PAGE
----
David Blyth

The information and photographs are shared by the Trust with kind permission from David's son, Peter Blyth. The story also references four other servicemen from David's crew who also perished.

The fourth of nine children, David Blyth was born in the village of Sutton-on-Hull, East Riding of Yorkshire on 11 February 1919. After leaving the local Church of England school, David worked for the Hull Co-operative Wholesale Society. Enlisting in the Coldstream Guards on 21 August 1937 in the hope that four years with the Colours would help his ambition to be a policeman. Or so he thought.

On completion of training, David was posted to the 1st Battalion Coldstream Guards on 3 March 1938. Deploying with the battalion to France as part of the British Expeditionary Force on 29 September 1939, evacuated 1 June 1940. I recall my Grandma (David’s mother) telling me that he came home on leave with dried salt stains across the shoulders of his battle dress. David met Mary Keating in London prior to the outbreak of the war. On his return from France they married on 26 August 1940 in Mary’s home town of Cleethorpes, Lincolnshire. Nine months later, I was born on 31 May 1941.

David as Guardsman in 1938 or 1939 and the day of his wedding to Mary. David is in military uniform and Mary in a traditional wedding dress.David as Guardsman in 1938 or 1939 and David and Mary's wedding day at Corpus Christi Church in Cleethorpes, on 26 August 1940.

In June 1941, 1st (Armoured) Battalion Coldstream Guards became part of the newly-formed Guards Armoured Division (GAD). There followed three intensive years of conversion courses, training and exercise. Beginning on Salisbury Plain before culminating in the East and North Ridings of Yorkshire. By this time Dad had qualified as Driver/ Mechanic Group C (AFV).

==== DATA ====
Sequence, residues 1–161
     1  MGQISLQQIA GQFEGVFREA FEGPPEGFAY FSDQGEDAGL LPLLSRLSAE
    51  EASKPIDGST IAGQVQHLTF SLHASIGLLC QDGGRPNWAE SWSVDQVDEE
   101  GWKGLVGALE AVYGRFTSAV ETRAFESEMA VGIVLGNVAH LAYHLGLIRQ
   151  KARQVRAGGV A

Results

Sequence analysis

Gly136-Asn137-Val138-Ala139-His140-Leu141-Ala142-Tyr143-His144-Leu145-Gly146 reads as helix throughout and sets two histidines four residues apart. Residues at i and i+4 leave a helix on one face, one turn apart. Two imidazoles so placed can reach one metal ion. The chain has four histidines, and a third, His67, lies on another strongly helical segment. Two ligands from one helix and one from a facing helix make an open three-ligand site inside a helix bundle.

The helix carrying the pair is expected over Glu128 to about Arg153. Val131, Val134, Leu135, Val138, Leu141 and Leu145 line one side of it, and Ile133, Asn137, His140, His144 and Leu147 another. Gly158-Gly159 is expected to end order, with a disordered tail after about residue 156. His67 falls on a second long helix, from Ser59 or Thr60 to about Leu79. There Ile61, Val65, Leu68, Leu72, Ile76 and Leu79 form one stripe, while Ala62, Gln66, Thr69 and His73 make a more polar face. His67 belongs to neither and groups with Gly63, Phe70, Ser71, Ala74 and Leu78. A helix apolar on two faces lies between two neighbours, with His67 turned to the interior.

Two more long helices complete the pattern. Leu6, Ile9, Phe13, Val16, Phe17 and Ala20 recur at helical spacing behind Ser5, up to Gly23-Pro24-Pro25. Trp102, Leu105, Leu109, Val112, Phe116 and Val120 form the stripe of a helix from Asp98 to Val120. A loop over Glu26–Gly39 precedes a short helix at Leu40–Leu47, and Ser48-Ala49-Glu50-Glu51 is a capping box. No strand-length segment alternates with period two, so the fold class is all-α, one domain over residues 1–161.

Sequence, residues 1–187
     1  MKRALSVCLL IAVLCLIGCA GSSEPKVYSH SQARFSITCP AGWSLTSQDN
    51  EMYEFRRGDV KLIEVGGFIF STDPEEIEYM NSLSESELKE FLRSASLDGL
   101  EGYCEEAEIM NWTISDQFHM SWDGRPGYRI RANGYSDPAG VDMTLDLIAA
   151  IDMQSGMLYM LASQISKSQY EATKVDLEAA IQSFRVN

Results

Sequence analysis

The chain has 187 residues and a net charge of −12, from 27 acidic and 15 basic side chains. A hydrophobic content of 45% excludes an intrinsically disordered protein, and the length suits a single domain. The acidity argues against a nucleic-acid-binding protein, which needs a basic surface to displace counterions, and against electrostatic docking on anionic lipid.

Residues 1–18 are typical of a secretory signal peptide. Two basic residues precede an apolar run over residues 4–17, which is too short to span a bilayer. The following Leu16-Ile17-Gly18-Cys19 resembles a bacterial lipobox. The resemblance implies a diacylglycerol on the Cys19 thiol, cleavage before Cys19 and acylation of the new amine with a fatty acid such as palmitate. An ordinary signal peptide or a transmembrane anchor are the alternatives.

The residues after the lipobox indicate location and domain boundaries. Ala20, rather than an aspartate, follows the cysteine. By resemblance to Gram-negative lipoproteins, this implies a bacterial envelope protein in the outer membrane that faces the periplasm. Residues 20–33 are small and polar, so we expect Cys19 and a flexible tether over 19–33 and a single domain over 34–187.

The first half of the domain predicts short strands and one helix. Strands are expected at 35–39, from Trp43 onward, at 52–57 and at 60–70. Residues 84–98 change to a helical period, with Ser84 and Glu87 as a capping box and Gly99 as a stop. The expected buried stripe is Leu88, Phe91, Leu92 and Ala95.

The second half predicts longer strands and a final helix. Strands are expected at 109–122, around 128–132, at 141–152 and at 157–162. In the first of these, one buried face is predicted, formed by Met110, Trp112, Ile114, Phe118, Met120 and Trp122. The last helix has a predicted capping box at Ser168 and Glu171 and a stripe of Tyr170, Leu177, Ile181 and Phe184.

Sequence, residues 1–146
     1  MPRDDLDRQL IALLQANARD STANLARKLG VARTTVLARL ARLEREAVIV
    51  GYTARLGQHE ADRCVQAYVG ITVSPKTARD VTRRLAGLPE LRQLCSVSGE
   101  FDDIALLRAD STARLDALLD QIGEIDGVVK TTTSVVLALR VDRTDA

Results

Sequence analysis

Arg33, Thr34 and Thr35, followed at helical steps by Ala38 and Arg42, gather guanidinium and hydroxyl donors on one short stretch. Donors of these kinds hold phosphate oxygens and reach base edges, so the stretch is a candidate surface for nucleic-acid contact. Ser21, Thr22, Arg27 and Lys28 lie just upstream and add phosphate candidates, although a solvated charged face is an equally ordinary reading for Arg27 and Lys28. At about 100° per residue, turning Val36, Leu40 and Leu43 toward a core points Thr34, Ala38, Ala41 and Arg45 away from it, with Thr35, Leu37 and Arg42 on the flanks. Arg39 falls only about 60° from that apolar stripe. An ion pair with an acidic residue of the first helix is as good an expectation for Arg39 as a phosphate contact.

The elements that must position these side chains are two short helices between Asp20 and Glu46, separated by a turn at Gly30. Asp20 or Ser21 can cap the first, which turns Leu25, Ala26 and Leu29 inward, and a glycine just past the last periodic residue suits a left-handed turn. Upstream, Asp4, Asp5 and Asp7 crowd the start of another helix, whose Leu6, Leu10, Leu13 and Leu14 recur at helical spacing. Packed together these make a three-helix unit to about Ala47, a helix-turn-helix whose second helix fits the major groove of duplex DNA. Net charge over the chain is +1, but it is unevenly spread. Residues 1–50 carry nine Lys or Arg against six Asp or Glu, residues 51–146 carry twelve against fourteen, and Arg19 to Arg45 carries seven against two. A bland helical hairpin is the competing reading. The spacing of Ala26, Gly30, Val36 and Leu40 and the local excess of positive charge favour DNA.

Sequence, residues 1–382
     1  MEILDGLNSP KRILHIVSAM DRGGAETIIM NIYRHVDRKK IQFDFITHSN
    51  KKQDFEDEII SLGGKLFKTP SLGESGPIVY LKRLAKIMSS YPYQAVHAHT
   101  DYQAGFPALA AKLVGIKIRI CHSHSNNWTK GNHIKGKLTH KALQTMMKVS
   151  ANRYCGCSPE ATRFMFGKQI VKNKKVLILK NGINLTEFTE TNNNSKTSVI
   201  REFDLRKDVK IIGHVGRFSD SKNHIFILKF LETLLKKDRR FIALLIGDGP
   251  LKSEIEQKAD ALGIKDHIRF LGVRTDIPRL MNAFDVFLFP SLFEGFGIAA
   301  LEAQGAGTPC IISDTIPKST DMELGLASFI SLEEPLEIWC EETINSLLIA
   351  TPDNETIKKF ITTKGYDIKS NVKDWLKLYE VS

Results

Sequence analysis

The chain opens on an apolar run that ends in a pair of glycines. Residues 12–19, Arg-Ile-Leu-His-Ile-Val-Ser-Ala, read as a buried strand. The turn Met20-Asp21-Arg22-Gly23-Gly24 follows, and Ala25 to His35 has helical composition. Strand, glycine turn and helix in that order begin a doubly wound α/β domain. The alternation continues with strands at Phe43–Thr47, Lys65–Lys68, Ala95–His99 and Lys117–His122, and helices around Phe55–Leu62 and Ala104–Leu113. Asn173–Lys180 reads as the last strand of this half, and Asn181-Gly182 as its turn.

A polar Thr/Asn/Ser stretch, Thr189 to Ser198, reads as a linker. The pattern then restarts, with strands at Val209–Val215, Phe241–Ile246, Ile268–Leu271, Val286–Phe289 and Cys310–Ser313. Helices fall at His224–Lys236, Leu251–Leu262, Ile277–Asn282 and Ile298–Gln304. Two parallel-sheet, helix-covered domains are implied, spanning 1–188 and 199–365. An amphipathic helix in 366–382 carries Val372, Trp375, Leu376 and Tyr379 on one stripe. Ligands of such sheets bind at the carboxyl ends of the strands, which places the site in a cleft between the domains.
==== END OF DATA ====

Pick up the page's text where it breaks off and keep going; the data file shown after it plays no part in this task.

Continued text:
In January 1941 N Squadron 137 Tank Delivery Squadron RAC was formed. Commanded and manned by officers and men, including my Dad, detached from the Division’s Armoured Battalions. Subsequently re-designated 268 Forward Delivery Squadron RAC (268 FDS). The role of the Squadron was to provide battle replacement vehicles, some with crews, to forward units.

Bad weather in the Channel delayed the departure of the GAD. By the end of June 1944, the Division was complete on French soil. 268 FDS sailed from Gosport and disembarked on Juno Beach just before midnight on 30 June. Thereafter, it must have been a case of hurrying up to wait for Dad and crew. Until 1800 Tuesday 1 August 1944.

From 268 FDS War Diary: "Sent 4 Sherman V of Coldstream to 2 Armd Bn Irish Gds, two with four men both commanded by Irish Gds Officers - Lieutenant Keatinge and ...”.

From 2nd (Armoured) Battalion Irish Guards War Diary Friday 4 August 1944: “La Marvindière. At 1430, enemy tanks were heard moving about and suddenly Brennan and Keatinge’s tanks were knocked out by a Panther 500 yards NE of them. Keatinge being mortally wounded and Brennan killed”.

Less than 72 hours after being sent forward Lt Keatinge was dead, one man would die of wounds on 9 August and three, including my Dad, were missing.

David lying down on chest with cigarette in mouth, between two comrades and a third comrade pictured at the end. Identities of the other three men are unknown.David is pictured second from left. Identities of his three comrades are unknown.

Dad died aged 25 and is commemorated on the Memorial to the Missing at Bayeux War Cemetery as he has no known grave.

The other members of Dad’s Sherman tank crew were:

Lt John Charles Fitzgerald Keatinge, Irish Guards, aged 20 of Codnor, Derbyshire. Buried at Saint Charles-de-Percy War Cemetery.

Gdsmn Eric Wyatt, Coldstream Guards,  aged 21 of Kenley, Surrey. Buried at Bayeux War Cemetery.

Gdsmn William Bayliss, Coldstream Guards, aged 22 of South Kilworth, Leicestershire. Commemorated on the Memorial to the Missing at Bayeux War Cemetery.

Gdsmn Leonard Markham, Coldstream Guards, aged 23 of of Hornsea, East Riding of Yorkshire. Commemorated on the Memorial to the Missing at Bayeux War Cemetery.

The Guards Armoured Division (GAD) sign, a red outline with an eye in the middle.The distinctive badge of Guards Armoured Division (GAD).




    Irish Guards
    2nd Armoured Battalion

    DIED 04 August 1944

    AGE 20

    SERVICE NO. 278673


    Army • GUARDSMAN

    Coldstream Guards
    1st (Armoured) Battalion

    DIED 04 August 1944

    AGE 25

    SERVICE NO. 2657980


    Army • GUARDSMAN

    Coldstream Guards
    1st (Armoured) Battalion

    DIED 09 August 1944

    AGE 21

    SERVICE NO. 2665083


    Army • GUARDSMAN

    Coldstream Guards
    1st (Armoured) Battalion

    DIED 04 August 1944

    AGE 23

    SERVICE NO. 2659047



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